Thursday, July 31, 2008

Partisan politics.

Hey, McCain – grow up. Oh, wait, if you grew up any more you’d be dead. But really, this new round of attack ads is pathetic. I’m not the only one who has noticed that they don’t have anything good to say about McCain himself, just the same tired old horseshit of trying to paint one’s opponent in a ridiculously over-the-top, negative light. Well, it worked for Bush against Kerry, so I suppose it could work here, and wouldn’t that be great! We were so very, very lucky to get another 4 years of George Bush’s intelligent, thoughtful approach to leading our nation straight into the dumpster of history; I’d just love for us to do it again.

Because here are the risks of falling for McCain’s schtick, as I see them:

1. The Increasingly Supreme Court. I know all we over-educated folks realize the impact the president has on the makeup of the Supreme Court, and so we all get excited to think about the changes the president we support could make there. For conservatives, I guess that means an opportunity to drive a final nail in the coffin of affirmative action, “protect unborn children,” bolster the powers of law enforcement against that tiresome 4th Amendment, and make sure we all have our fair share of guns. Liberals see it as a necessity to protect the last vestiges of civil rights in this country. And then there are us left-leaning lawyers, who long to feel lifted up by the beauty of a well-written opinion that respects the human condition, instead of smothered by the contemptuous, arrogant trash that spews from the mouth of that vile troll, Scalia.

2. Endless War. Not only because of our presence in Iraq, but because of our bull-headed reliance on massive amounts of oil. As long as we continue to focus on that above all else and fail to switch the majority of our focus into the development of clean, renewable energy, we’ll remain beholden to the Middle East. And no, drilling off our coasts, a yearning first step toward the ultimate goal of plunging our pipeline-sized fingers into the Arctic National Wildlife Refuge, isn’t a long-term solution. Maybe if we embraced finding innovative solutions in this area, we could actually be at the forefront of something as a nation again besides distributing our brand of democracy to a world of unwilling recipients – since we’ve long since been lapped at manufacturing and generating technology and the kids smart enough to invent it.

3. All Women forced to Dress and Behave like Cindy McCain. Do you think once Roe vs. Wade is overturned that will be the end of it? Get out your tea dresses and vacuums, ladies, and yes, your pills, too, if you'd like.

4. Listening to Me Bitch for another 4 Years. Or less, if he kicks it early, but then we’d have President Romney so, no, I’ll still be here.

I know how ridiculously partisan I am, and I’m sure I piss off half of you, but I don’t know how to feel differently. I just can’t get my mind around a conservative perspective. We see things from such completely different angles; I know that sometimes we’re like exotic animals to each other, and not the cool, furry ones.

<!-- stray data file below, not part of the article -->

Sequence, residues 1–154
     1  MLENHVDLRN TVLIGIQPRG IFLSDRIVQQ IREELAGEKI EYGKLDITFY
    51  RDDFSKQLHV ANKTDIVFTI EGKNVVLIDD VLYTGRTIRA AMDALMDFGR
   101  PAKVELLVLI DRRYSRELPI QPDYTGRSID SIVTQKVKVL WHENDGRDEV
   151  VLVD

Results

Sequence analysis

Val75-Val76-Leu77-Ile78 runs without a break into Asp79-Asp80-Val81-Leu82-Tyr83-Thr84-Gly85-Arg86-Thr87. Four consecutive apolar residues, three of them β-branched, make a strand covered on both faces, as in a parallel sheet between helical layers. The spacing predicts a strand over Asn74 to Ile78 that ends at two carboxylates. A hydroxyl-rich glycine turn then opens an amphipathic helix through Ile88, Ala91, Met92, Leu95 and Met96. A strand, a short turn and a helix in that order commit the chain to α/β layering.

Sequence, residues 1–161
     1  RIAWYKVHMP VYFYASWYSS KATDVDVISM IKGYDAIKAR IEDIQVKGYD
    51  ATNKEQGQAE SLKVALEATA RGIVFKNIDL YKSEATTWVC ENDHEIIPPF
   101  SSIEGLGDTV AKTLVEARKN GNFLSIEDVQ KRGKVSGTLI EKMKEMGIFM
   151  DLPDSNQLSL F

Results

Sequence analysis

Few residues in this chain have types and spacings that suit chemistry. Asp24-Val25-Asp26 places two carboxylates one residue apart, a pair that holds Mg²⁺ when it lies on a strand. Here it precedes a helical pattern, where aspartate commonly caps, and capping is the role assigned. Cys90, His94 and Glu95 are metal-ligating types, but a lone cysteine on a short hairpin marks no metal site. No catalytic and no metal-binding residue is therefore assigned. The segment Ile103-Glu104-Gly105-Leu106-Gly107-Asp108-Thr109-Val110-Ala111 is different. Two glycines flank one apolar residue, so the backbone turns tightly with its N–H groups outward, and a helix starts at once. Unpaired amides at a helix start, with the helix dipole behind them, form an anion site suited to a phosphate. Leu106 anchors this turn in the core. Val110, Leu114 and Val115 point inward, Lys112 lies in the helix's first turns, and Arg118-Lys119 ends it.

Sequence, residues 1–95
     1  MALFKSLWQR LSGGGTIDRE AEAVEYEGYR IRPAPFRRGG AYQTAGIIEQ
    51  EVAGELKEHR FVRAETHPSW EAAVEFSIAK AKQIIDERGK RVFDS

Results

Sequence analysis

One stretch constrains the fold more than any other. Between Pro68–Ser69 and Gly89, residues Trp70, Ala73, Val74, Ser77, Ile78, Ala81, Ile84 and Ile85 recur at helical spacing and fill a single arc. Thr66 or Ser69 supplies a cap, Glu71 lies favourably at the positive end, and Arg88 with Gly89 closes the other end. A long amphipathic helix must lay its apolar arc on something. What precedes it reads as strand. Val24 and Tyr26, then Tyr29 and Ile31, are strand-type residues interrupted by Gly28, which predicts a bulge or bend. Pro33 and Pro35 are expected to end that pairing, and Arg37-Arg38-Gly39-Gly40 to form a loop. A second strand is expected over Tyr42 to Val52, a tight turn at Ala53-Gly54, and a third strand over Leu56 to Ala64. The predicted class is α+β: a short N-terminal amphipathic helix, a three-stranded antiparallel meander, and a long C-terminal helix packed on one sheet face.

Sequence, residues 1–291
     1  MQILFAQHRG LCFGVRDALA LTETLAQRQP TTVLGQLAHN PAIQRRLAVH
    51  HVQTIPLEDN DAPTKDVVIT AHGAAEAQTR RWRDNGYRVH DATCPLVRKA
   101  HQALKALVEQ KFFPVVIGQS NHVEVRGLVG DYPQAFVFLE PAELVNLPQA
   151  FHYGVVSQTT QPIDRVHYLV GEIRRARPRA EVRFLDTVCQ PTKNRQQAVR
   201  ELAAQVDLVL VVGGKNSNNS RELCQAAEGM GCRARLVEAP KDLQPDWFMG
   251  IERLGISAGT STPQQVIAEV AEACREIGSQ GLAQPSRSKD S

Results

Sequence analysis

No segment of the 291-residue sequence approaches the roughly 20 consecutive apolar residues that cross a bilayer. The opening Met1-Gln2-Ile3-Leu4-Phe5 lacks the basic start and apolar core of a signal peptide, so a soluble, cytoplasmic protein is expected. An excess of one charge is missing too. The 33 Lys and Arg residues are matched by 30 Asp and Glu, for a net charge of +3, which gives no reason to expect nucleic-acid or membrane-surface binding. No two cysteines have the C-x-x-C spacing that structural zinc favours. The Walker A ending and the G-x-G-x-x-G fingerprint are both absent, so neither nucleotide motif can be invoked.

So I’ll leave you with some words of wisdom from your fearless leader, and tomorrow I’ll write about kittens or babies.

Wednesday, July 30, 2008

First pass.

Have you noticed how testy some in the media are getting about Barack Obama? The group that was once ready to anoint him now has its claws out. Two columnists provide bitter and petty examples: Maureen Dowd in the New York Times and Dana Milbank in the Washington Post.

Maureen Dowd’s contempt for the presumptive Democratic nominee seeps through her sentences like syrupy poison: when Obama told her that he didn’t know the protocol for giving gifts to world leaders outside of state visits, she said “he could be forgiven for not knowing the customs of a trip that had never taken place before — a mere presumptive nominee of one party being feted like a president.” When he told her that on his stops someone makes sure to buy a snow globe for one of his daughters and a keychain for the other, she writes, “‘You have a snow globe aide?’ I marveled.” You can almost see Ms. Dowd curled up on her cushion like a self-satisfied cat, lapping up her sour milk with her acid tongue.

Mr. Milbank writes equally as if Obama had asked someone other than him to the prom. In his column he gripes that Obama has already elected himself president, and one can easily envision the petulant moue of his lips as he observes that Obama is outdoing the current president in “ruffles and flourishes” when his motorcade is larger than Bush’s and he meets with the Pakistani prime minister while “Bush held quiet signing ceremonies in the White House.” What a picture of our self-effacing current leader; riding alone with Laura in a Buick, or benevolently signing God-knows-what sort of destructive legislation into law while the Democratic nominee tries to build the kind of relationships that he would need to be able to draw on if he were elected president. Why is it presumptuous for Obama to act as if he will be elected (when he is, after all, one of only two candidates) and that some good can be had from setting the stage for when he is? That just sounds like good planning to me.

I don’t understand the press’ need to build up people seemingly for the sole aim of having someone to tear down. What drives this constant back-and-forth? Are journalists trying to prove their relevance by telling politicians that they helped enable the climb, and they can just as quickly yank them back down the ladder? Or do they simply imagine that they are so much more clever than the rest of us that they can say anything and America will buy it? In trying to seem so big, they sound very small.

Mommy, Esq.

Last night R. and I were sitting on the couch; he was working on our house plans and I was staring mindlessly at the TV screen where Tori and Dean were acting out some not-so-important scene.

R.: “What’s wrong with you tonight, honey?”

Kate: “I don’t know. I’m so bored.”

R.: “Bored?”